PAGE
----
33. The hydrocarbon product of claim 28 wherein said process further comprises:
converting said hydrobromic acid and said additional hydrobromic acid to bromine.
34. The hydrocarbon product of claim 33 wherein said process further comprises:
recycling said bromine that is converted from said hydrobromic acid and additional hydrobromic acid to said step of reacting with said gaseous feed, said bromine being recycled as a vapor.
35. The hydrocarbon product of claim 28 wherein said process further comprises:
dehydrating said hydrocarbon product.
36. The hydrocarbon product of claim 17 wherein said hydrocarbon product comprises higher molecular weight hydrocarbons.
37. The hydrocarbon product of claim 36 wherein said higher molecular weight hydrocarbons contain molecular weight components in the liquefied petroleum gas range.
38. The hydrocarbon product of claim 37 wherein said components in the liquefied petroleum gas range includes propane.
39. The hydrocarbon product of claim 37 wherein said components in the liquefied petroleum gas range includes butane.
40. The hydrocarbon product of claim 36 wherein said higher molecular weight hydrocarbons contain molecular weight components in the motor gasoline hydrocarbon products range.
41. The hydrocarbon product of claim 40 wherein said components in the motor gasoline hydrocarbon products range are C5+ gasoline-range fractions.
42. The hydrocarbon product of claim 40 wherein said components in the motor gasoline hydrocarbon products range are a C7+ fraction that is composed primarily of substituted aromatics.
43. A hydrocarbon product produced by the process comprising:
introducing a mixture comprising lower molecular weight gaseous alkanes and bromine vapor into a first reactor;
withdrawing alkyl bromides and hydrobromic acid from said first reactor;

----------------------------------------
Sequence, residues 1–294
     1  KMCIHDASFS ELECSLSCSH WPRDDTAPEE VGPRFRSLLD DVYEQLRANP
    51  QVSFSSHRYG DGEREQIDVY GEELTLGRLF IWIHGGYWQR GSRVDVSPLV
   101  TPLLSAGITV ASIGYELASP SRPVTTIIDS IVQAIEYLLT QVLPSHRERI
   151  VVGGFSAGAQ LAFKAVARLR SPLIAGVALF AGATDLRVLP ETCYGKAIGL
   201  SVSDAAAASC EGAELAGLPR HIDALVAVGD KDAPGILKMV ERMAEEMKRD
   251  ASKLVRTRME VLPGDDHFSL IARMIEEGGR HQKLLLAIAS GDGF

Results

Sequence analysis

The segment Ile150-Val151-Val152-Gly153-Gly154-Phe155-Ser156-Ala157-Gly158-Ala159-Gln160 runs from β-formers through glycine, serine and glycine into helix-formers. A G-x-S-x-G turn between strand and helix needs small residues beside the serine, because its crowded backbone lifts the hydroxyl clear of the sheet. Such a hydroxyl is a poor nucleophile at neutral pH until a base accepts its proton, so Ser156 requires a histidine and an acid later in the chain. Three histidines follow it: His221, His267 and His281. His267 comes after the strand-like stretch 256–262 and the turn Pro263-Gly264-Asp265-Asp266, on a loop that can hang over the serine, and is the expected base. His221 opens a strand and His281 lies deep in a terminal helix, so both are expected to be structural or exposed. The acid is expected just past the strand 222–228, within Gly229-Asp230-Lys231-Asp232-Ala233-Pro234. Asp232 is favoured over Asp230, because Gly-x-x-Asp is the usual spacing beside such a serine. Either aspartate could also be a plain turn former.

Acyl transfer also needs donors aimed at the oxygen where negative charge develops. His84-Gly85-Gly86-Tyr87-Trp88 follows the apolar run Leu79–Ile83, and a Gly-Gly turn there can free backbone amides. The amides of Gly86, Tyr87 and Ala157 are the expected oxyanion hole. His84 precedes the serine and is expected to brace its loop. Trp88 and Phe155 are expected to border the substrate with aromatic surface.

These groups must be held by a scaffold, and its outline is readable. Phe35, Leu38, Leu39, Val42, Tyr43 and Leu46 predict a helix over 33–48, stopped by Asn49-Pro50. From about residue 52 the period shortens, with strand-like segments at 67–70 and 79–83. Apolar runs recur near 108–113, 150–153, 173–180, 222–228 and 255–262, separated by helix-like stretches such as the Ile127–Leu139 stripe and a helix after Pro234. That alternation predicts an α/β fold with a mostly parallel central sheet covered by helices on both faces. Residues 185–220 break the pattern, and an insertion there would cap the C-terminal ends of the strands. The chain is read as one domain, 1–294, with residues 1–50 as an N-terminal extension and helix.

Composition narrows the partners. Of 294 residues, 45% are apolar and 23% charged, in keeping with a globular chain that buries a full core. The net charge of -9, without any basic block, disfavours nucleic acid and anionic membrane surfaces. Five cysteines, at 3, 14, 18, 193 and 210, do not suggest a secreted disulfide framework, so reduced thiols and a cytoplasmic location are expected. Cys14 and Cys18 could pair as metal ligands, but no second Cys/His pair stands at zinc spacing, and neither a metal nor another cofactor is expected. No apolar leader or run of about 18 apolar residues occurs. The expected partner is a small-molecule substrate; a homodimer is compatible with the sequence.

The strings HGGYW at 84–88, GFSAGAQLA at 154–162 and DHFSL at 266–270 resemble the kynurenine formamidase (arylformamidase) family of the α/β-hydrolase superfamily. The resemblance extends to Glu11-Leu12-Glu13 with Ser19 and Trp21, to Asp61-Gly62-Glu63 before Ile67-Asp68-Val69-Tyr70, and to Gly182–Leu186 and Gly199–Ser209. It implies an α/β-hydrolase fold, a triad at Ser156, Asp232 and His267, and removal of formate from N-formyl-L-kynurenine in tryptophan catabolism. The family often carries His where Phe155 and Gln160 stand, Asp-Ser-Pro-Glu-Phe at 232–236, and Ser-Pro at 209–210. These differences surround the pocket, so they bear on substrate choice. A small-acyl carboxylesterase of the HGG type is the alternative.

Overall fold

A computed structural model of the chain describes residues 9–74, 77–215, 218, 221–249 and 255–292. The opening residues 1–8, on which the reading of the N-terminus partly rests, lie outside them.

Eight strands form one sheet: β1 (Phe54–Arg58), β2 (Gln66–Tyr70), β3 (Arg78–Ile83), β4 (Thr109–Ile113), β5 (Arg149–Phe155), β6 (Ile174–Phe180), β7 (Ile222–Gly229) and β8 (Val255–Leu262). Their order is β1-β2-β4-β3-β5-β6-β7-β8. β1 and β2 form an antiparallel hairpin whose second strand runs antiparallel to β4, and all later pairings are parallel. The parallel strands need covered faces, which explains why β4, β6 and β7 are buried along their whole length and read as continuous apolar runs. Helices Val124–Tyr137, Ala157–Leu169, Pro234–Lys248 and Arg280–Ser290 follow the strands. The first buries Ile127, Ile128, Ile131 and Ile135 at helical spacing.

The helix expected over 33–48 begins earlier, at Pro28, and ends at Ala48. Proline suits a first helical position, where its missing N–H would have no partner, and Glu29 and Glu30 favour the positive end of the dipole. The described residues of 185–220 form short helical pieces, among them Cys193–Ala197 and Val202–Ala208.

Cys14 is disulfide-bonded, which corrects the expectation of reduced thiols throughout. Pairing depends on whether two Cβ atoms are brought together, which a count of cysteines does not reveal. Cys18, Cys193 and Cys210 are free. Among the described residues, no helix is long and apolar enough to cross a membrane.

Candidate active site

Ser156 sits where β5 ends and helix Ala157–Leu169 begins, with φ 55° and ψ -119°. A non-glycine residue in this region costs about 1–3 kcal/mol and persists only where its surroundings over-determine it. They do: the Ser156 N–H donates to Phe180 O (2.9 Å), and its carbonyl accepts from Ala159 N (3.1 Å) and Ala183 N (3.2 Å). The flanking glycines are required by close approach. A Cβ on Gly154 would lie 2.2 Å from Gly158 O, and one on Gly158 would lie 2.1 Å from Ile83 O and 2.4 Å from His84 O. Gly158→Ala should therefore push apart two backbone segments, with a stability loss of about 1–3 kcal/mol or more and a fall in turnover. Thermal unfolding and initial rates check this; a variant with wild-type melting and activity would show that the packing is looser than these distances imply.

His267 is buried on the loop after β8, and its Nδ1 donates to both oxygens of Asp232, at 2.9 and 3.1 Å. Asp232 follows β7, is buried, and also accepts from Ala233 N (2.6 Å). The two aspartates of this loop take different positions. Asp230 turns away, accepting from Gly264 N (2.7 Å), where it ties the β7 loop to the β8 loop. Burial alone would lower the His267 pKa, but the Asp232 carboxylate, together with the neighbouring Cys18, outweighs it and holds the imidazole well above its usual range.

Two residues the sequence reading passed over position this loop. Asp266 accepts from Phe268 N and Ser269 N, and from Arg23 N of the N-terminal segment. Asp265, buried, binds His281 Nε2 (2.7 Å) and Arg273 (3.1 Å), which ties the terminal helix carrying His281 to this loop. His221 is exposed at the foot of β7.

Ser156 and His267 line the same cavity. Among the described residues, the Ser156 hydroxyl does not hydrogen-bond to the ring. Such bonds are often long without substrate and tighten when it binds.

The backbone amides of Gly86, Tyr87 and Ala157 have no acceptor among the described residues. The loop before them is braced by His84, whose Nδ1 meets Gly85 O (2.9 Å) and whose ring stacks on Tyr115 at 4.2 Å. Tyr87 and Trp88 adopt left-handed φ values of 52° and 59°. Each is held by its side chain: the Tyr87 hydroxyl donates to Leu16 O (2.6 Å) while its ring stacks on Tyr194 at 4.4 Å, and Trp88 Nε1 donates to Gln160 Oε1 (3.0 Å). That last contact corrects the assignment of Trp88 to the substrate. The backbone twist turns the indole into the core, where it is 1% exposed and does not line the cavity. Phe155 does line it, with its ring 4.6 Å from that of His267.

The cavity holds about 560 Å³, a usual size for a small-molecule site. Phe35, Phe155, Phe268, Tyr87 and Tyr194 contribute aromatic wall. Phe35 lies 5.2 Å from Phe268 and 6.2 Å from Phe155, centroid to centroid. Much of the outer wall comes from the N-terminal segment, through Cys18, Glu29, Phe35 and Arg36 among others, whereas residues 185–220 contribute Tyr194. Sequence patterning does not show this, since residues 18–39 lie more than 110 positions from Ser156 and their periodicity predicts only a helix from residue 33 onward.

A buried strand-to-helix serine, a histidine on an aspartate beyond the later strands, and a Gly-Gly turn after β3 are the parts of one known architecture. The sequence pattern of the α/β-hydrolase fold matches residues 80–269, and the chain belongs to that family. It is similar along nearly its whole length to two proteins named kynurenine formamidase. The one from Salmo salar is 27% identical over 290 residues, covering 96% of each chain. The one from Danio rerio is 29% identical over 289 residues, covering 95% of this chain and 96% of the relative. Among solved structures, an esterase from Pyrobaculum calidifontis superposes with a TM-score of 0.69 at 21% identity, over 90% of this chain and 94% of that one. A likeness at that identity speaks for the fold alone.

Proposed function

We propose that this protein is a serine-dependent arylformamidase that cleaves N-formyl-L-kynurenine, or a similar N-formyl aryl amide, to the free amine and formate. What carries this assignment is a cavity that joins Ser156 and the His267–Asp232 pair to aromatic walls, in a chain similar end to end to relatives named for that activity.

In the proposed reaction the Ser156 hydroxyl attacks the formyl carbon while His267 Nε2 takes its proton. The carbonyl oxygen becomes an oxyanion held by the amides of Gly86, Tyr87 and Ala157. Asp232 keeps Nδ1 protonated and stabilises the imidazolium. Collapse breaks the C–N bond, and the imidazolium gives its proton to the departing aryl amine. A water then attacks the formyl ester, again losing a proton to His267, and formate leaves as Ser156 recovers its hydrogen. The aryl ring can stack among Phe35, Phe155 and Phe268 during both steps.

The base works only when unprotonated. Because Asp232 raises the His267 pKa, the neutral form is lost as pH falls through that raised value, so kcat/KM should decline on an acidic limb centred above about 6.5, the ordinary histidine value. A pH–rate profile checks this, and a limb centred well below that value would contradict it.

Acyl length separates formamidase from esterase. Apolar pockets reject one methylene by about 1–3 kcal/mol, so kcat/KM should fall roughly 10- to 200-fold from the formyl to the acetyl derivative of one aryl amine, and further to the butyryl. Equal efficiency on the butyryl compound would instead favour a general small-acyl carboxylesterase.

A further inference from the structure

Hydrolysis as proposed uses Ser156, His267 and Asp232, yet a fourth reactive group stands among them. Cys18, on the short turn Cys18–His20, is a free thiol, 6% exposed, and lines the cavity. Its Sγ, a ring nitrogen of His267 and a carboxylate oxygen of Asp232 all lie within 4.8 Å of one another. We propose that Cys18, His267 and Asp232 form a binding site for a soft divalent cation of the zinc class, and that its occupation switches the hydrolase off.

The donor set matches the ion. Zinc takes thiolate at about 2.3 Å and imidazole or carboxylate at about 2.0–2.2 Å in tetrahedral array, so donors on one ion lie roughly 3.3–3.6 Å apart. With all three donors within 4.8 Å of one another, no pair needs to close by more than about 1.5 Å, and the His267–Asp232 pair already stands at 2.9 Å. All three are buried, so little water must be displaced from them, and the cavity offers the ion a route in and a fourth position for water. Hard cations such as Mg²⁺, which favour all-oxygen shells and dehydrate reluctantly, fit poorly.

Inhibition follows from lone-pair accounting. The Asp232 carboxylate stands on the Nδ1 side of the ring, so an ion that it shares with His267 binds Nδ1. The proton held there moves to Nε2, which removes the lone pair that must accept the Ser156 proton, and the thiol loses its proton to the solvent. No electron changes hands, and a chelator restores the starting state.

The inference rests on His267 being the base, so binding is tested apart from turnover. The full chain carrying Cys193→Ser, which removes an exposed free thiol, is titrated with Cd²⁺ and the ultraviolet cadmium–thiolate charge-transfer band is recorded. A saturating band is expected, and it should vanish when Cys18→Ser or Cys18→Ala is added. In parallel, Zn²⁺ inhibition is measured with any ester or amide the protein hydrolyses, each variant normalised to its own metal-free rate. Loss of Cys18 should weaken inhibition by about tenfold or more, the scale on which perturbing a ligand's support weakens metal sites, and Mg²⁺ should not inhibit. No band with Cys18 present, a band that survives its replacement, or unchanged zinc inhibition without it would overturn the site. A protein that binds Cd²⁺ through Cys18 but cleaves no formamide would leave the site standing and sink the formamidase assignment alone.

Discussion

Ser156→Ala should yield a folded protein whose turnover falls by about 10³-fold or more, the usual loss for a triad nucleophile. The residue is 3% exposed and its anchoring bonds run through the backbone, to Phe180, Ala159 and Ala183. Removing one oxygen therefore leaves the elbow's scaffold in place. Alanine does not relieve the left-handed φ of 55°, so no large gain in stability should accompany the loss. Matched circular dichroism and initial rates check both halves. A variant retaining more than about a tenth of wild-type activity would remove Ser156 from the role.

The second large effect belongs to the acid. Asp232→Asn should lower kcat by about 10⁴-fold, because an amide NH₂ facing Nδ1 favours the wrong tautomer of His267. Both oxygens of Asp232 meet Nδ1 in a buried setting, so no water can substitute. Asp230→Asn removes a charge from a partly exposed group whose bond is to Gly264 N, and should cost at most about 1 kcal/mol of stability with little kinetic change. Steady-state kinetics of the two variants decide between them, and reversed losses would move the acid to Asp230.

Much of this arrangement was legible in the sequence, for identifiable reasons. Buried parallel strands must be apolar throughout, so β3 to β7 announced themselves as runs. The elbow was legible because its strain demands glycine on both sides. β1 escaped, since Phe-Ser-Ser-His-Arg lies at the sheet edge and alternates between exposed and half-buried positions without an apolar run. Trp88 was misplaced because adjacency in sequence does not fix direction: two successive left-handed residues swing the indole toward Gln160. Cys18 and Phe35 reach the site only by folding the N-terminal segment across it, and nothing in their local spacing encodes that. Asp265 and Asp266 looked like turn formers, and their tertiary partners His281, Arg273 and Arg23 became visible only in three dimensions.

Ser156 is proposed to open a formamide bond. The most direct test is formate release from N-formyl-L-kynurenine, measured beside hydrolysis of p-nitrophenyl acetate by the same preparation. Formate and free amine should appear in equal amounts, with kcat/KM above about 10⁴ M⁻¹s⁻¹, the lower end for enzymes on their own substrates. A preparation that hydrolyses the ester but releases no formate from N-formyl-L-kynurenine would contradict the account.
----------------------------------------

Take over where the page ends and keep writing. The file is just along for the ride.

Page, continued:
flowing said alkyl bromides and said hydrobromic acid into a second reactor containing a catalyst; and
withdrawing an effluent comprising said hydrobromic acid and said hydrocarbon product from said second reactor.
44. The hydrocarbon product of claim 43 wherein said hydrocarbon product comprises higher molecular weight hydrocarbons.
45. The hydrocarbon product of claim 44 wherein said higher molecular weight hydrocarbons contains C5+ gasoline-range fractions.
46. The hydrocarbon product of claim 44 wherein said higher molecular weight hydrocarbons contain a C7+ fraction that is composed primarily of substituted aromatics.
47. The hydrocarbon product of claim 44 wherein said higher molecular weight hydrocarbons contain propane.
48. The hydrocarbon product of claim 44 wherein said higher molecular weight hydrocarbons contain butane.
49. The hydrocarbon product of claim 43 wherein said hydrobromic acid is a vapor.
50. The hydrocarbon product of claim 43 wherein said catalyst is a synthetic crystalline alumino-silicate catalyst.
Descripción
    REFERENCE TO RELATED PATENT APPLICATION
  • [0001]
    This application is a continuation of copending U.S. patent application Ser. No. 10/826,885, filed on Apr. 16, 2004 and titled “Process for Converting Gaseous Alkanes to Liquid Hydrocarbons”.
  • BACKGROUND OF THE INVENTION
  • [0002]
    1. Field of the Invention
  • [0003]
    The present invention relates to a process for converting lower molecular weight, gaseous alkanes to liquid hydrocarbons useful for the production of fuels, and more particularly, to a process wherein a gas containing lower molecular weight alkanes is reacted with a dry bromine vapor to form alkyl bromides and hydrobromic acid which in turn are reacted over a crystalline alumino-silicate catalyst to form liquid hydrocarbons.
  • [0004]
    2. Description of Related Art
  • [0005]
    Natural gas which is primarily composed of methane and other light alkanes has been discovered in large quantities throughout the world. Many of the locales in which natural gas has been discovered are far from populated regions which have significant gas pipeline infrastructure or market demand for natural gas. Due to the low density of natural gas, transportation thereof in gaseous form by pipeline or as compressed gas in vessels is expensive. Accordingly, practical and economic limits exist to the distance over which natural gas may be transported in gaseous form exist. Cryogenic liquefaction of natural gas (LNG) is often used to more economically transport natural gas over large distances. However, this LNG process is expensive and there are limited regasification facilities in only a few countries that are equipped to import LNG.
  • [0006]